In 1816, his father-in-law, John Holbrook took over the management of the publishing and bookstore enterprise along with William's brother, Joseph Fessenden. By this time, the store had taken on the character of a general mercantile with stationers' goods, shoes, textiles, school slates, paper hangings, gun powder, flour barrels, French crayons, and tack goods, amongst the thousands of books for sale. The bookstore soon became something of a town center for local patrons, and payment was often accepted in produce for goods and services. 

Brattleboro Messenger, July 2, 1820

The Reporter, February 25, 1817

In 1821, the first lending library was established at the Brattleboro Bookstore by a small group of local citizens with 300-volumes to share amongst themselves. This service later became the Franklin Circulating Library, named after Ben Franklin, and was open to subscribers who could afford the $3.50 annual fee.

I have never been to Brattleboro, Vermont, but with a town so rich in printing and book publishing history, I expect it would be nice to see some of the remaining old brick buildings, and imagine what it would be like to have attended the Thanksgiving Ball. 

Monday, November 25, 2013

Feeling Lucky?

It seems a lucky someone will be getting a nice stocking stuffer tomorrow. Oh who, oh who, will it be? 
     As a curious sidenote: The Bay Psalm Book of 1640 is not without numerous flaws. Most notably, the inking of the Caslon type is uneven, frequent spelling errors and omissions occur throughout the book, and inverted commas are used in place of apostrophes at times. Some 200 years ago, publisher and author Isaiah Thomas said the Bay Psalm Book "does not exhibit the appearance of good workmanship. The compositor must have been wholly unacquainted with punctuation." 
     Even the translations of the verse have been sharply criticized by scholars, yet this first printed book in colonial America remains one of the most valued in the world, as it represents a historic turning point of Western civilization in what would later come to be the United States.    

Sunday, November 24, 2013

NaNoWriMo ReDo

November is National Novel Writing Month; or NaNoWriMo, for those in the know. Now in its 14th year, NoNoWriMo originated to encourage creative writing "from anyone who has ever thought fleetingly about writing a novel" according to their website. The goal is to complete 50,000 words or less in 30 days.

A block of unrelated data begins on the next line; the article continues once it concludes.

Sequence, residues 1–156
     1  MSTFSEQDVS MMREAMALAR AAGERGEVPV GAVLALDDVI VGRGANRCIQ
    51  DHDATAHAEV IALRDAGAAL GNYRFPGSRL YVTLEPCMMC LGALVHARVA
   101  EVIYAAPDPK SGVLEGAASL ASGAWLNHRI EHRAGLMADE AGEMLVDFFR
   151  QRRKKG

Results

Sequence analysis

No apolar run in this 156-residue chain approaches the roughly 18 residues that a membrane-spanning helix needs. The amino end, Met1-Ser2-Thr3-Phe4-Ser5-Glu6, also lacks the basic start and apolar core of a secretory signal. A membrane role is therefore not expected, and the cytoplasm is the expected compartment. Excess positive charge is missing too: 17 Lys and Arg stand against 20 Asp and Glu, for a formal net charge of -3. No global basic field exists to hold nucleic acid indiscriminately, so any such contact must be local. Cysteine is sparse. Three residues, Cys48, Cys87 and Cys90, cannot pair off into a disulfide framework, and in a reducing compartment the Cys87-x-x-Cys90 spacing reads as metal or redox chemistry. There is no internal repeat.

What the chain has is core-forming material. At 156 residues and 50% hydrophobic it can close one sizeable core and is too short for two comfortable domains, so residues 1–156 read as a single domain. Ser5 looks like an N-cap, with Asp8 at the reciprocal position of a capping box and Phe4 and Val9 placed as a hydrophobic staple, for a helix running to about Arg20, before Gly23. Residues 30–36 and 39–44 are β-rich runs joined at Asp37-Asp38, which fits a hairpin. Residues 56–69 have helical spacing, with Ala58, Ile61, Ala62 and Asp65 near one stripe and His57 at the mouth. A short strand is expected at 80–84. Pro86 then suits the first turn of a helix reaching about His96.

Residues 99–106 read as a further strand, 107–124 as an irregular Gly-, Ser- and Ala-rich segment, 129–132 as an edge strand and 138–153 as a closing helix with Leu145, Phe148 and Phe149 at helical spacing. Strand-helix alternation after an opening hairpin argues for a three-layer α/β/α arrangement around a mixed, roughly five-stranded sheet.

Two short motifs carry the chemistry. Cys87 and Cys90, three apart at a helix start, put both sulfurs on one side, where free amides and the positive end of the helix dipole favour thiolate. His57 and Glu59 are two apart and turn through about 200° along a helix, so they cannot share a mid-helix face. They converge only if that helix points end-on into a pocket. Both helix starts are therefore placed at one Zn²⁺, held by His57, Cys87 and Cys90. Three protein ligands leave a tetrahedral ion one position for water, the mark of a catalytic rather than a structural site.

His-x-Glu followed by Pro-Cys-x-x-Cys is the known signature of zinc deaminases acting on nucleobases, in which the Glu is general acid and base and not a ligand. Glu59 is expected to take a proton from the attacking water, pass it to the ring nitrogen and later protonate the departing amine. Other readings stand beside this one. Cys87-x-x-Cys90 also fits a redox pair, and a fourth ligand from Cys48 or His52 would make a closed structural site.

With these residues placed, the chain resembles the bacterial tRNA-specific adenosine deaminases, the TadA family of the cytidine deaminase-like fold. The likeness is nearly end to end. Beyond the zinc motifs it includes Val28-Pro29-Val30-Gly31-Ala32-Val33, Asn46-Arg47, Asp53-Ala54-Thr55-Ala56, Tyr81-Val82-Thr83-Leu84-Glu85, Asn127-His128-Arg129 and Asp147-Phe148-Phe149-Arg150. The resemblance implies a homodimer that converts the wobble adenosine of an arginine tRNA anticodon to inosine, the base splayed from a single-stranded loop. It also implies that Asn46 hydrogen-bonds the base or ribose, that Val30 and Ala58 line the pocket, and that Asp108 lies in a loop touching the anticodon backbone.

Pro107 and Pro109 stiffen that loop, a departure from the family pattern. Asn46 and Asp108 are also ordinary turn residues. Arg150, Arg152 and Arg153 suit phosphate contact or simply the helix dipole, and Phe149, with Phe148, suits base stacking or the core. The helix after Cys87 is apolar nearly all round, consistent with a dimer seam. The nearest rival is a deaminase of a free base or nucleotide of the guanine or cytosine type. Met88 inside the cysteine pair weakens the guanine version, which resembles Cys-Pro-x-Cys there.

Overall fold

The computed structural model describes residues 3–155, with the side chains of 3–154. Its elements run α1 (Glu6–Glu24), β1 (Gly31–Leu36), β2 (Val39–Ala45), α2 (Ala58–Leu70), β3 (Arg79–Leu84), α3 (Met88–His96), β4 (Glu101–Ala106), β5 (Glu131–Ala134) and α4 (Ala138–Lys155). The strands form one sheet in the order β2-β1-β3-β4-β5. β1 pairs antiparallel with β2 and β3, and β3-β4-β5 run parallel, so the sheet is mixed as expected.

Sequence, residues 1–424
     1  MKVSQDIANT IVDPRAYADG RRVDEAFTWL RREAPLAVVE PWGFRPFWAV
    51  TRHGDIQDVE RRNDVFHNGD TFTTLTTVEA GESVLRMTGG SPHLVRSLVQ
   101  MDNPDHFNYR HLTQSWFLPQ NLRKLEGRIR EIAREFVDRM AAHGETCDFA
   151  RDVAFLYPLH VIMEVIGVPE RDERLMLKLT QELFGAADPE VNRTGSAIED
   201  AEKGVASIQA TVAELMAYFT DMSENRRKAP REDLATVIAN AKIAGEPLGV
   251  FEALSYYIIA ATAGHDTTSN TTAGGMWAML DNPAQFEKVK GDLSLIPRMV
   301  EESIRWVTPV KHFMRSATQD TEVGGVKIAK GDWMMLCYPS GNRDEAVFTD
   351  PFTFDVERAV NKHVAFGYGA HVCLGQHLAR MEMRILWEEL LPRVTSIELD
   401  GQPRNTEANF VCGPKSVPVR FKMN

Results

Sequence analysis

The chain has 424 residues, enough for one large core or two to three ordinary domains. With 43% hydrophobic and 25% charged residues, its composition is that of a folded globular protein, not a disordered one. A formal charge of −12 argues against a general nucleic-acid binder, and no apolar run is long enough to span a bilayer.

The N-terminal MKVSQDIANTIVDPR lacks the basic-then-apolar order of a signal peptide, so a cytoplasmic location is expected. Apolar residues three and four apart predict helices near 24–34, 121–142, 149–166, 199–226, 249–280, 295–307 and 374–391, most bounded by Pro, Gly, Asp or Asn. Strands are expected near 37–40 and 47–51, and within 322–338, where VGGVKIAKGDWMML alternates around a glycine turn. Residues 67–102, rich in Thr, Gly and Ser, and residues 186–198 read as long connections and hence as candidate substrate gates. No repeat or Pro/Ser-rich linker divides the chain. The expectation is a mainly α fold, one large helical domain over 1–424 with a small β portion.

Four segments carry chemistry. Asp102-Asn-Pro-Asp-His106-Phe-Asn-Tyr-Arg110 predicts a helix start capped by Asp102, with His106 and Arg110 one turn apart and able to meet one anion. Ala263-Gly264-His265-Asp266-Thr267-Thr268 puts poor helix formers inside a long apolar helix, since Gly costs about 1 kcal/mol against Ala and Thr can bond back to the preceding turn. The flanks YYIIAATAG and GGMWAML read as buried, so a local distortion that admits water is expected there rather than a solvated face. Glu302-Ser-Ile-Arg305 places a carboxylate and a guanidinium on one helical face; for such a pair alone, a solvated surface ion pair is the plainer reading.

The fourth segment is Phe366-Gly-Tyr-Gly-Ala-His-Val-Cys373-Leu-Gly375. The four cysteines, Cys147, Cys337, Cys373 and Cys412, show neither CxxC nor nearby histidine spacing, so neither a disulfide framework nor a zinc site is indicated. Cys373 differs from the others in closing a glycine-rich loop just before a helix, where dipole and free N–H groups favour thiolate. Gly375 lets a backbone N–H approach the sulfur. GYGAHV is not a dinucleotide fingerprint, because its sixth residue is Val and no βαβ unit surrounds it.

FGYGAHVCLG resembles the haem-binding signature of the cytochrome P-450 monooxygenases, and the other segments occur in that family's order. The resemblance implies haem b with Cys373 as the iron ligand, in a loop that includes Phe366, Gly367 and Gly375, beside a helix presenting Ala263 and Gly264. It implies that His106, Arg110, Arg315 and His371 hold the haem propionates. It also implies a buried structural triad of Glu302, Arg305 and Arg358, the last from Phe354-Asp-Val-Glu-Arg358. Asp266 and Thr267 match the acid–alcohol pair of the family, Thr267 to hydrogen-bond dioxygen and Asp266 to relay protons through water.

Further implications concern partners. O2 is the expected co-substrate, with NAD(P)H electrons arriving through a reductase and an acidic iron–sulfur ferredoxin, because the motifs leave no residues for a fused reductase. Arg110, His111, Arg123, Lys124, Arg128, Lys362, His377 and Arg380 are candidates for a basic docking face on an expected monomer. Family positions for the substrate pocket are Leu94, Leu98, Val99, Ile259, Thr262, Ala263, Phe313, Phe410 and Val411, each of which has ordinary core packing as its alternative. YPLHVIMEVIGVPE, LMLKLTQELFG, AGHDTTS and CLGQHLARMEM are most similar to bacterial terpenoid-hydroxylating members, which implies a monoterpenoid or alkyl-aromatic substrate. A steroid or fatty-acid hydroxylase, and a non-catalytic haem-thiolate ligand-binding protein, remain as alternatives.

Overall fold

Rob Bowker of the entertaining Typewriter Heaven blog in the UK, recently checked in from the Typosphere to send me his own surrogate version inspired by this annual event. He created his first NaNo typewritten book (NaNoTyBo?), The Micro-Book Typed, and completed it by the 4th of November.

Typing on a 1950s Olivetti Lexikon at 12 characters per inch leaves little room for a wordy text, so Bowker wisely chose to just write a DIY textbook of sorts, on how to type a 16-page book using only a single sheet of paper. Written in concise language, he answers the questions of Why and How to go about typing a small book on a typewriter. Bowker, who frequently types blog posts on one of his many typewriters, also provides helpful hints on formatting monospaced text and creating illustrations using characters, pattern and texture. The Micro-Book Typed is currently available from Issuu as a free downloadable PDF ready to print, fold, stitch and trim. Bowker suggests more of his typewritten chapbooks, possibly with spreads and even illustrations, may be in the pipeline soon.

In more recent posts, Bowker offers a number of other downloadable PDFs of some fun DIY typewriter "Graphikubes" from his personal collection. As an added bonus, he also suggests a beer-of-the-day in many of his frequent posts—though not certain if he advocates drinking while typing however. 

This gif was made by Ryan (Magic Margin) Adney within an hour after Bowker 
originally posted his first typewritten micro-book. 

Friday, November 22, 2013

November 22, 1963

Three distinctly different typographic book covers with just a solemn date for a title, fifty years ago—when we learned of President Kennedy's assassination. This black & white cover design above by Christopher Brand, hit all the right notes for the 2008 edition of Adam Braver's book, Nov 22, 1963 by Tin House Books. 
     In the second example, artist Ben Shahn (1898-1969) illustrated and hand-lettered Wendell Berry's poem, memorializing the assassination of John F. Kennedy in the book, November Twenty Six Nineteen Hundred Sixty Three, published in 1964. The poem originally appeared in The Nation magazine on that date, just four days after the President's death. Shahn's dramatic hand-lettered title carries the weight of this electrifying event, just by the very size of the text. The title was stamped in black on the white cloth cover and the book was then packaged in a black slip case.

Source of photo: Letterform Archive

Source of image: Aleph-Bet

Source of photos: Mary & Matt